In today's data-driven world, simply having the right technology isn’t enough to ensure success. It takes a combination of three essential elements: the right people, a data-driven culture, and the right technology. When businesses invest in these three cornerstones, they can significantly improve the analytical maturity of their marketing department and in turn the overall performance of their marketing efforts.
This blog will explain why these three cornerstones are so important to marketing success and how marketers can overcome some common challenges they might face along the way. But first, let's explore why data maturity is crucial and how it can help businesses weather economic storms and come out stronger.
Why is data maturity important?
Data maturity plays a vital role in an organization's resilience during times of recession. Research has shown a strong correlation between companies that prioritize data maturity and their ability to withstand economic shocks.
By focusing on building a data-driven culture, optimizing data operations, making strategic technology investments, and advocating for automation, organizations consistently achieve higher pre-tax earnings during economic crises.
It's tempting to prioritize short-term pressures and cost-cutting measures during a crisis. However, taking the long view and fueling compelling marketing efforts can help businesses not only weather the storm but also emerge stronger. Remaining resilient and competitive requires a steadfast commitment to data maturity.
So let’s take a look at what that actually means, and what challenges marketers might face along the way.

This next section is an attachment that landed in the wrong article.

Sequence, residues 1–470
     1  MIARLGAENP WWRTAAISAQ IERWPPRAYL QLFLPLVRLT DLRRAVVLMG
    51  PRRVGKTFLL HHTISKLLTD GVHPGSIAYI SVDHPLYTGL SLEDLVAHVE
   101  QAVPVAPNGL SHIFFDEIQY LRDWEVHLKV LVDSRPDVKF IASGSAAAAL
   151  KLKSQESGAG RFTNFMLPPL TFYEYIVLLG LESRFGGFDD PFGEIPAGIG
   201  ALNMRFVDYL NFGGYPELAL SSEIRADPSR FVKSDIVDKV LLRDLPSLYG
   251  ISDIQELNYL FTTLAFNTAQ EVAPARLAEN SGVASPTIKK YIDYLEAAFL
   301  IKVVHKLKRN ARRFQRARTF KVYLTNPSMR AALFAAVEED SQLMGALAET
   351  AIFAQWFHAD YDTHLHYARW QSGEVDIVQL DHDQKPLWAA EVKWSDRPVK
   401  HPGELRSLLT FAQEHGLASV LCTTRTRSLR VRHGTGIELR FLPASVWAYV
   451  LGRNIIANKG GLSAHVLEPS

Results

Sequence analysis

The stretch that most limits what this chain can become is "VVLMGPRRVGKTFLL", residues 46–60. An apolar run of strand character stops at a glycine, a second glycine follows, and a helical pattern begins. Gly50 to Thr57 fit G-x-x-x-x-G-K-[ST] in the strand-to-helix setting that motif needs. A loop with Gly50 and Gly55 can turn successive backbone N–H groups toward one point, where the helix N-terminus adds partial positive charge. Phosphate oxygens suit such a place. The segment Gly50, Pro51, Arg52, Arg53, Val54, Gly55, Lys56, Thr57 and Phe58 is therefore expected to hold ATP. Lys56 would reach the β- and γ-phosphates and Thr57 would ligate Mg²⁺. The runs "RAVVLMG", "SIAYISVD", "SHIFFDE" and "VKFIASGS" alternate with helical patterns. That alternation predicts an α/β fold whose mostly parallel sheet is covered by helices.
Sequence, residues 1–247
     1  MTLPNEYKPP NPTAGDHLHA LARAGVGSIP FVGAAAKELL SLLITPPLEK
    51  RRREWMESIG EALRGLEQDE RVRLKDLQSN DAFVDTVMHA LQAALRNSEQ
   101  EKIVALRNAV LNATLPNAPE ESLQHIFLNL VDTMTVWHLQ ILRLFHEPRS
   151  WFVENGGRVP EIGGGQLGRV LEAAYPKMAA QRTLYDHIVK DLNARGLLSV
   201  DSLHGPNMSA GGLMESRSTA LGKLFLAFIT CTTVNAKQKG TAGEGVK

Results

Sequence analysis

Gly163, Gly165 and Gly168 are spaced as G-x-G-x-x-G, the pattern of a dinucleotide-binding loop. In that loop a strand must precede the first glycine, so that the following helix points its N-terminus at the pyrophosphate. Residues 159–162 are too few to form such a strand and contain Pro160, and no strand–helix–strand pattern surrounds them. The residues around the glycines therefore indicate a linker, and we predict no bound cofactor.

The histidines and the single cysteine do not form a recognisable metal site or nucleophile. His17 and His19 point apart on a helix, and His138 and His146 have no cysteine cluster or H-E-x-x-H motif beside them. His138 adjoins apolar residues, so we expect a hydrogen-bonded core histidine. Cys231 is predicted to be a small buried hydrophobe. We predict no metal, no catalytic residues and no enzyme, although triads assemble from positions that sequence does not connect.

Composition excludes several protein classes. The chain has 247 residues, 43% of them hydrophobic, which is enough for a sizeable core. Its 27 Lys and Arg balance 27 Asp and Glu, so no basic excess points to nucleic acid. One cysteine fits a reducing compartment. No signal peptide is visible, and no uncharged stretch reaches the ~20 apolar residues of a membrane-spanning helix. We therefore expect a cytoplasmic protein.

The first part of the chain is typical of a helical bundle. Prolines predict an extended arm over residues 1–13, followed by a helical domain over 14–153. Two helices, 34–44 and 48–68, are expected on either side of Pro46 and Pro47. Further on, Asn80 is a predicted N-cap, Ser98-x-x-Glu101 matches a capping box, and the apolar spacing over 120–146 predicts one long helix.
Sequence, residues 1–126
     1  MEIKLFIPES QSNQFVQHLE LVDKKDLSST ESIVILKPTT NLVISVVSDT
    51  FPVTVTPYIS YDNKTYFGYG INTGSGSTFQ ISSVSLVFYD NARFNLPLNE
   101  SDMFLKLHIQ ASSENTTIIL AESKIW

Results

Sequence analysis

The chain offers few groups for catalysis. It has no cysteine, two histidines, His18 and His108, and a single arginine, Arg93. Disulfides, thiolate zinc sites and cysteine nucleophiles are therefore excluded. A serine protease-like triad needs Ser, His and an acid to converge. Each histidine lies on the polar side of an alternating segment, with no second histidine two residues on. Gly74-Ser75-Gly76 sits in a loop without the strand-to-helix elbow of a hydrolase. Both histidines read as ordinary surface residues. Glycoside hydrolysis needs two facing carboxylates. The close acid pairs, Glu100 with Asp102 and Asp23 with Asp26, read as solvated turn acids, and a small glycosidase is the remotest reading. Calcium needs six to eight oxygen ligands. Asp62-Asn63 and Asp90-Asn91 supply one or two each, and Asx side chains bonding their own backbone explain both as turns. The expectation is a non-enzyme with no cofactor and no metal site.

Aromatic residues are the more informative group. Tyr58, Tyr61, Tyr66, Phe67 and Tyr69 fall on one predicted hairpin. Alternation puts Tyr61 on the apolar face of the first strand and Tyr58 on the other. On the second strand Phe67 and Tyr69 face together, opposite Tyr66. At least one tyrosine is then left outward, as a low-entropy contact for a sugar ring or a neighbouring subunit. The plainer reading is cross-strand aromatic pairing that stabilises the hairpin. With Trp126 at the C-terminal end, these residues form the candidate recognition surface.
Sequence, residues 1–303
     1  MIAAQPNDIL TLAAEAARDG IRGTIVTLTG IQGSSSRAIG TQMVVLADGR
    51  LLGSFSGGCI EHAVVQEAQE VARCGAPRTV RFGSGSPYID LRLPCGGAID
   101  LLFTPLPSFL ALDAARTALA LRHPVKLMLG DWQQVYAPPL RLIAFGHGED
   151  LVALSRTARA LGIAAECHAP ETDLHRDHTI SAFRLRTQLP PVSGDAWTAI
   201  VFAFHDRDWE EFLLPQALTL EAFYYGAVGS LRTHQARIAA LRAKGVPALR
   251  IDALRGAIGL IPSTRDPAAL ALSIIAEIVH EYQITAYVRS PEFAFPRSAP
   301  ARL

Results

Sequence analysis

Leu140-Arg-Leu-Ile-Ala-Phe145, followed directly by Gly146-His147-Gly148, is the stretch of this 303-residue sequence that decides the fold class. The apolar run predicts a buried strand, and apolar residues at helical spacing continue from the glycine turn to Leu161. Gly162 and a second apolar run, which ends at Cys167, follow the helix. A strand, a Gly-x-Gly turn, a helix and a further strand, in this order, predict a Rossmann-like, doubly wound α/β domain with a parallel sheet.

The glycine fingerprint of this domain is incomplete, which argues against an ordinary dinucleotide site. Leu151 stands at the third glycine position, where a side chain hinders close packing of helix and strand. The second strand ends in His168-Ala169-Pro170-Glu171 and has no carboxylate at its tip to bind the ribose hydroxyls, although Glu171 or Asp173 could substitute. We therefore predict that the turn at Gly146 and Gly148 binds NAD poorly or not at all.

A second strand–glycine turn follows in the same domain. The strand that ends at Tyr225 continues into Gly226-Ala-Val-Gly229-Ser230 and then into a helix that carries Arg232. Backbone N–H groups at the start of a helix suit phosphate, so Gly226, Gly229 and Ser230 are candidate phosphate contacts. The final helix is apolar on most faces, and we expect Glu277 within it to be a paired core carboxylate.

The 3 cornerstones of data maturity:
Cornerstone 1: Technology
Finding the right data stack has become increasingly essential for businesses in order to take advantage of the growing amount of data available to marketers, and gain the competitive edge. While integrating data automation tools with existing complex reporting processes can be challenging, the evidence is mounting that data tools offer competitive advantages that are well worth the investment.
Challenge: Lack of data tools
A recent survey of 300 CMOs showed that their most significant challenge in leveraging marketing data is a lack of data tools, affecting 18% of organizations.
Without the right tools to handle vast amounts of data from multiple platforms, teams can quickly become overwhelmed and struggle to make decisions that target audiences more effectively, and stretch budgets further.
To address this, CMOs should consider investing in data tools that streamline data management and reporting processes, allowing analysts to focus on extracting valuable insights.
“The ability to manage smart systems effectively is critical to producing the trustworthy, valuable insights marketers need to accurately measure ROI and make decisions.”
- Harriet Durnford Smith, CMO, Adverity
Cornerstone 2: People